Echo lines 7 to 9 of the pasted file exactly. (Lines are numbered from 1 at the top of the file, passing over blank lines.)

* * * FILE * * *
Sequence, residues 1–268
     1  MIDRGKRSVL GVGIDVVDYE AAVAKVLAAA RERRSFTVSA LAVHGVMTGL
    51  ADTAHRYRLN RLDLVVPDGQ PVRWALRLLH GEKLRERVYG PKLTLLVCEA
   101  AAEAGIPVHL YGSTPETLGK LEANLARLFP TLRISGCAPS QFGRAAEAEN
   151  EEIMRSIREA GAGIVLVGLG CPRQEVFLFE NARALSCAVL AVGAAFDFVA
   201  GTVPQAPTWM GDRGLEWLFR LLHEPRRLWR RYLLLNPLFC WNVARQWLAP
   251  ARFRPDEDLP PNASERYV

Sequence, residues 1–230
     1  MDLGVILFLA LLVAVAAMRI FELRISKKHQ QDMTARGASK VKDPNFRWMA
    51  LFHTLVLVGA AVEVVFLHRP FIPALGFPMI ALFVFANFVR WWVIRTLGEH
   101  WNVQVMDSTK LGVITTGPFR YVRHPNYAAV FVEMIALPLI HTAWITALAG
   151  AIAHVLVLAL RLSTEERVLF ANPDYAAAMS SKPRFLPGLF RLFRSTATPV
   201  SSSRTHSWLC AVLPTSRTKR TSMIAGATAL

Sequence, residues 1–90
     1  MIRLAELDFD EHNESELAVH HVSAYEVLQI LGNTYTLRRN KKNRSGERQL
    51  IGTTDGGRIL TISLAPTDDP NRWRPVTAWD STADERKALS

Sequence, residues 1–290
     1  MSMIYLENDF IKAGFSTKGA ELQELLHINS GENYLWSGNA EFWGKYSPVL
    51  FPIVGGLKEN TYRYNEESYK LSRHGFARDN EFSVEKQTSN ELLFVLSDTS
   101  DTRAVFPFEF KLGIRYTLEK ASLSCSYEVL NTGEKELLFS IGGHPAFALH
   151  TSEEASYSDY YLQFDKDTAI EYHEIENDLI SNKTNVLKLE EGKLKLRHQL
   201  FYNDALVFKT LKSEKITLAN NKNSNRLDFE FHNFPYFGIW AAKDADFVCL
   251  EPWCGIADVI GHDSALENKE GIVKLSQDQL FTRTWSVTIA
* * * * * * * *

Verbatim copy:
   251  ARFRPDEDLP PNASERYV

Sequence, residues 1–230
     1  MDLGVILFLA LLVAVAAMRI FELRISKKHQ QDMTARGASK VKDPNFRWMA